The poem abounds with smaller and greater allegories. Two of the debated allegorical sections pertain to the exit from the underworld and to Pallas' belt.
There are two gates of Sleep, one said to be of horn, whereby the true shades pass with ease, the other all white ivory agleam without a flaw, and yet false dreams are sent through this one by the ghost to the upper world. Anchises now, his last instructions given, took son and Sibyl and let them go by the Ivory Gate.— Book VI, lines 1211–1218, Fitzgerald trans. (emphasis added)
Aeneas' leaving the underworld through the gate of false dreams has been variously interpreted: one suggestion is that the passage simply refers to the time of day at which Aeneas returned to the world of the living; another is that it implies that all of Aeneas' actions in the remainder of the poem are somehow "false". In an extension of the latter interpretation, it has been suggested that Virgil is conveying that the history of the world since the foundation of Rome is but a lie. Other scholars claim that Virgil is establishing that the theological implications of the preceding scene (an apparent system of reincarnation) are not to be taken as literal.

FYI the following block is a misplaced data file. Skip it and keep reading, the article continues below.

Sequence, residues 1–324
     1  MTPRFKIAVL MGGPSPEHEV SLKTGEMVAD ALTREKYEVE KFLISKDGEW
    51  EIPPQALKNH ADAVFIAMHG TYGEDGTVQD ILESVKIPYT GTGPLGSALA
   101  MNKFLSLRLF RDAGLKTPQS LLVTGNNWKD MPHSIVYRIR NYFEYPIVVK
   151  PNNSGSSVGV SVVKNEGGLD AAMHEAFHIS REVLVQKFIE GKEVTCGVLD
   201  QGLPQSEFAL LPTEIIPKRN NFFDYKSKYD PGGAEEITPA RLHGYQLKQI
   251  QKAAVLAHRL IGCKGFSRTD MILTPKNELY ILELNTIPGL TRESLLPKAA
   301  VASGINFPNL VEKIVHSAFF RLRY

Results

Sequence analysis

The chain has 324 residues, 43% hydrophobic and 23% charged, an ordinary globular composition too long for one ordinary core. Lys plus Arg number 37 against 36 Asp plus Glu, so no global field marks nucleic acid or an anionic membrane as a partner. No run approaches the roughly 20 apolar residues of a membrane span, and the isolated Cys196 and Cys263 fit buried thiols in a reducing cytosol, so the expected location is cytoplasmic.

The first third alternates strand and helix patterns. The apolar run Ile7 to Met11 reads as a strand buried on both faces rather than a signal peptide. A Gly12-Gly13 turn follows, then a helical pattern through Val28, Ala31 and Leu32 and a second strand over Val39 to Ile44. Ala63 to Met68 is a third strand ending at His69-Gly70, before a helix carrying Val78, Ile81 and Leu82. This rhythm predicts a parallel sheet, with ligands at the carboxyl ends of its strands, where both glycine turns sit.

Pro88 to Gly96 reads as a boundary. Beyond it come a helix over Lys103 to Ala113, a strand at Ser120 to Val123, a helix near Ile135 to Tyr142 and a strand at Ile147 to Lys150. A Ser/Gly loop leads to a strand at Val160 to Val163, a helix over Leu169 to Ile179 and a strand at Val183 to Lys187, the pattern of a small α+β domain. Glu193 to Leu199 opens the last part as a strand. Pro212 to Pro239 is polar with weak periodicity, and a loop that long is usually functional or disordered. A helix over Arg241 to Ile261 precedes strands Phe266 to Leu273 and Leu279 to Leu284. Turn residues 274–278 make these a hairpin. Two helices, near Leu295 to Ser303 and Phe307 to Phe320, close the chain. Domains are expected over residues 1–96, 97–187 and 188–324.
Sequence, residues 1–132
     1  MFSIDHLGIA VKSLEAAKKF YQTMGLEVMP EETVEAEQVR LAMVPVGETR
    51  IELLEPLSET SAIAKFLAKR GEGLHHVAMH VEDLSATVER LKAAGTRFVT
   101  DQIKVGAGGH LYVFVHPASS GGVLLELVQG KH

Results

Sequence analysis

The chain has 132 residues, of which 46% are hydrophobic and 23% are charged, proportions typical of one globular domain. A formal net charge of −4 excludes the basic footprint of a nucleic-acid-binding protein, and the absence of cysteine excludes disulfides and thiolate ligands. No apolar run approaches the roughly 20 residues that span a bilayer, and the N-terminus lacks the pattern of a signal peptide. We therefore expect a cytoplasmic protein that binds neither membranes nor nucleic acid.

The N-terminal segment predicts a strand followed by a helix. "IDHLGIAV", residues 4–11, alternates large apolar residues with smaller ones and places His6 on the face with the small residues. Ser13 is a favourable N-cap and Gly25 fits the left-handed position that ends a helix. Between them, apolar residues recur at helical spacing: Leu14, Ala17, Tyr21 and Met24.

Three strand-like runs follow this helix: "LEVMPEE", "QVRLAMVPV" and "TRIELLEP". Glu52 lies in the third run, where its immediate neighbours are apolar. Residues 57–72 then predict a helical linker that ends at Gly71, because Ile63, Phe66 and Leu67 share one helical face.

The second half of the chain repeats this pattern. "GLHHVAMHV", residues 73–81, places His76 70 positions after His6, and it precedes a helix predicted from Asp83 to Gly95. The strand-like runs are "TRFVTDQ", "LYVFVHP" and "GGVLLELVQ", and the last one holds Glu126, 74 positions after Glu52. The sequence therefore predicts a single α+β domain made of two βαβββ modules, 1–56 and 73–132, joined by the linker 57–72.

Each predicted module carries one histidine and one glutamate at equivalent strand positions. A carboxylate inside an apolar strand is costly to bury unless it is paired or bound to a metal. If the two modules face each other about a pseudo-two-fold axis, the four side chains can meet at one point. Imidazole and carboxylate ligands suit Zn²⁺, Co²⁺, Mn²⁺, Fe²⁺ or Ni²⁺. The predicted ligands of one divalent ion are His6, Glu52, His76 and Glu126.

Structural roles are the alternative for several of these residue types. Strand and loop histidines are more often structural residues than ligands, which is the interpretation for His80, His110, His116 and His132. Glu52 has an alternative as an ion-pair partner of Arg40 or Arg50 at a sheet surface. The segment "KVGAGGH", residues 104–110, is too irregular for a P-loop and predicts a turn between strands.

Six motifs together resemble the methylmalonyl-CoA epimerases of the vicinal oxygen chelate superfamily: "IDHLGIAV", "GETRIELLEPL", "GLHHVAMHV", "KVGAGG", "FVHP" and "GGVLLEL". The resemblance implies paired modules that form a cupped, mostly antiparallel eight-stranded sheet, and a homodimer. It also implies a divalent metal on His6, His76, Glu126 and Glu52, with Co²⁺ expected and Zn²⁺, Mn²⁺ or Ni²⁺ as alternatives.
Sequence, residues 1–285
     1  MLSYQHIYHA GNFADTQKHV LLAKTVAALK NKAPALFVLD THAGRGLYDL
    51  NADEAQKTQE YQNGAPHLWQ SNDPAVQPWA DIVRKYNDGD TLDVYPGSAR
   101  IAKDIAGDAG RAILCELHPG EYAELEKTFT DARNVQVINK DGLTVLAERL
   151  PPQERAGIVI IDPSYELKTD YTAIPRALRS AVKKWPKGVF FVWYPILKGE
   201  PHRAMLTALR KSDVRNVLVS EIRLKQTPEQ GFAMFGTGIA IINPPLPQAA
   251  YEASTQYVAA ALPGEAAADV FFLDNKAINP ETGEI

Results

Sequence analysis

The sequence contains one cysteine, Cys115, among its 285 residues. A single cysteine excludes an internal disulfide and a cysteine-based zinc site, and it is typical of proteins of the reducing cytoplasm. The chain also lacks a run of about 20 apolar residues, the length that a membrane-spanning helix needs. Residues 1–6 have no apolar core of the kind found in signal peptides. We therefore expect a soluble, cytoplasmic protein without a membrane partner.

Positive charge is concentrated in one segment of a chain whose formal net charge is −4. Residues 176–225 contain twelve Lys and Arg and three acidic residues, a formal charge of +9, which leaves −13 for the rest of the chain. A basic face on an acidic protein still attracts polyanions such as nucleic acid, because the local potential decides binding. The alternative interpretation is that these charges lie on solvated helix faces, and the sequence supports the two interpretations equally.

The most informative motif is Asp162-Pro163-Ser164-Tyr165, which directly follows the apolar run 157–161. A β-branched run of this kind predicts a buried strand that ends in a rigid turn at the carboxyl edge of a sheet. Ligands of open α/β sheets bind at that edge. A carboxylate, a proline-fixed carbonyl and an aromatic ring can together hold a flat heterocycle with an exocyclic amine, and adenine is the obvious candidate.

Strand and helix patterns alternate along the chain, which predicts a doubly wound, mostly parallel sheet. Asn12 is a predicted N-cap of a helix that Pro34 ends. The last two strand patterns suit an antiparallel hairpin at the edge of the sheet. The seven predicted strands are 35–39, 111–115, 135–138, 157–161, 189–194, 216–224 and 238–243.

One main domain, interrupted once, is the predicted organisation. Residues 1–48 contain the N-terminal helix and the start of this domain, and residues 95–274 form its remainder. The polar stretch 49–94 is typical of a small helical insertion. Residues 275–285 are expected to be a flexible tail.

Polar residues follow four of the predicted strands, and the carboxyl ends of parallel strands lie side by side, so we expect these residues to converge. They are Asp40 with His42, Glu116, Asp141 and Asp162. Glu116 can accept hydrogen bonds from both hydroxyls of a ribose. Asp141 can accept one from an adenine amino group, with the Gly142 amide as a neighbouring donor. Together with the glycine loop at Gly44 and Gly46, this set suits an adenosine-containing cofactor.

The second section in question is
Then to his glance appeared the accurst swordbelt surmounting Turnus' shoulder, shining with its familiar studs—the strap Young Pallas wore when Turnus wounded him and left him dead upon the field; now Turnus bore that enemy token on his shoulder—enemy still. For when the sight came home to him, Aeneas raged at the relic of his anguish worn by this man as trophy. Blazing up and terrible in his anger, he called out: "You in your plunder, torn from one of mine, shall I be robbed of you? This wound will come from Pallas: Pallas makes this offering, and from your criminal blood exacts his due." He sank his blade in fury in Turnus' chest ...— Book XII, lines 1281–1295, Fitzgerald trans. (emphasis added)
This section has been interpreted to mean that for the entire passage of the poem, Aeneas, who symbolizes pietas (piety or morality), in a moment becomes furor (fury), thus destroying what is essentially the primary theme of the poem itself. Many have argued over these two sections. Some claim that Virgil meant to change them before he died, while others find that the location of the two passages, at the very end of the so-called Volume I (Books 1–6, the Odyssey), and Volume II (Books 7–12, the Iliad), and their short length, which contrasts with the lengthy nature of the poem, are evidence that Virgil placed them purposefully there.